stress disorder that invades and erodes the personality — the victim of chronic trau- 
ma may feel herself to be changed irrevocably, or she may lose the sense that she 
has any self at all." (p. 86) This applies equally to boys. 

Much research has focused on the harmful effects of child abuse, but longitudinal 
research now shows that children who witness parental or sibling abuse may actu- 
ally suffer more than those abused themselves. (Kosenbaum & Leary, "Children: the 
unintended victims of marital violence," Amer. J. Orthopsychiatry, 692). Feelings of 
guilt are especially severe when the survivor has been a witness to the suffering 
of other people. 

THE CHILDREN'S LAW CENTER 

Where did the idea come from to start a place where children could get good legal 
representation? Its roots go back to 1980 when a Family Relations supervisor be- 
rated me for giving the mother of a five year old client 'Tiad advice" in supporting 
her resistance to a plan of overnight visits with her father. The mother had caught 
the father red-handed in the child s bed molesting her. The State Trooper who inter- 
viewed the child said to me that the man was an animal" but there was nothing 
further she could do since father, on advice of his lawyer, had declined to be inter- 
viewed by the police. The prosecutor declined to go for an arrest with a victim was 
so young. "Youve got to understand," the Family Relations supervisor said, "this 
court is no friend of the mother. She doesn't have the money to take it to trial." 
Mother felt she had no choice but to allow the overnight visitation father sought 
in exchange for half the proceeds from the sale of the house. I had my first lesson 
in children as property . 



52 

The prevailing rights of biological parents were essentially reafTirmed by the Su- 

greme Court in the Joshua DeShaney case (489 VS. 189) (1989) smd the Maurice 
oukni^t case (110 S. Ct. 900X1990). In the first case, the Court found that the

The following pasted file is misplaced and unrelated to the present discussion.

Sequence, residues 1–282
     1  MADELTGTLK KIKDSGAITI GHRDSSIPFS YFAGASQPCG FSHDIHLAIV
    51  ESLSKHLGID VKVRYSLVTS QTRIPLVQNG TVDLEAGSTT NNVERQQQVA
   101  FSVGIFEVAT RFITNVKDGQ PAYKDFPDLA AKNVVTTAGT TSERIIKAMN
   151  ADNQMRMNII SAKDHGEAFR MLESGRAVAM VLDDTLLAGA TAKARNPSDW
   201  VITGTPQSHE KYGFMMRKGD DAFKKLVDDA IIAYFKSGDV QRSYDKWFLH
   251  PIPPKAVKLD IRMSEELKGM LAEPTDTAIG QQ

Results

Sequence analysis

state did not have a responsibility to protect Joshua who had been returned to abu- 
sive father's care and was then profoundly and permanently brain injured. The fa- 
ther was entitled to due process and protection from infringement on nis family re- 
lationships. Justice Blackmun dissented. The Court itself retreats into a sterile for- 
malism which prevents it from recognizing either the facts of the case before it or 
the legal norms that should apply to those facts." Maurice Bouknight is the abused 
toddler whom his drug addictea mother refused to produce for the court's inspection 
after ^e had failed to meet any of the rational plan developed for her to mend her 
ways. She pleaded the fifth and was put in jail for contempt. Chief Justice 
Rehnquist asked "could not reasonable p^ple see what was happening to Maurice 
here? There need to be protective ri^ts for children to balance the national policy 
of family-adult rifi^ts. One avenue to this goal is consistent high quality legal rep- 
resentation for children. The American Bar Association recently issued a report 
from a committee considering children's leged needs in this country. President J, Mi- 
chael McWilliams said "^he tale of tragedy is alarming — lawyers must give children 
the same level of zealous advocacy they now deliver to their adult and corporate cli- 
ents — children should have competent counsel representing their interests in all sig- 
nificant judicial proceedings that affect their lives. Sadly, this is a principle yet to 
be generally reabzed in American iurisprudence." 

Over the vears I have stood helplessly by, watching children and their protective 

{>arents be narmed and even destroyed by a legal system that tries to solve prob- 
ems of domestic violence and sexual abuse by knodcing heads together. Last Friday 
a mother cried to me T promised her I woula never let her father molest her again. 
Now Family Relations is going to recommend the supervision of their visits be 
dropped. I am very close to a nervous breakdown." In tne last year alone the stress 
of me legal system has been directly contributory to prolonged psychiatric hos- 
pitalization by a mother who was otherwise functioning well, an attempted murder 
of the abusing father by a mother who had no history of violence or emotional prob- 
lems, threats of murder and suicide by other parents Fve worked with, and numbers 
of cases of extraordinary debts due to legal costs. The culmination was the murder 
in my office of a 6 year old child by her father during a supervised visit. A week 
later, it was clear to me that I had to find a new way to create a voice for the pro- 
tection of children in the family court system. My chronic despair from repeatedly 
seeing what lay in store, and seeing no way of helping clients to overcome the legal 
maneuverings and arbitrary power of judges to make decisions without legal back 
up for the diild finally propelled me to action. 

Since that fatal November Ist, much has happened in Connecticut. For one thing, 
state agencies have beefed up their own security systems so that professionals are 
safer. (The media were more interested in the implications of my worker getting 
shot than that a child was killed.) An ad hoc coalition of relatives of at-risk children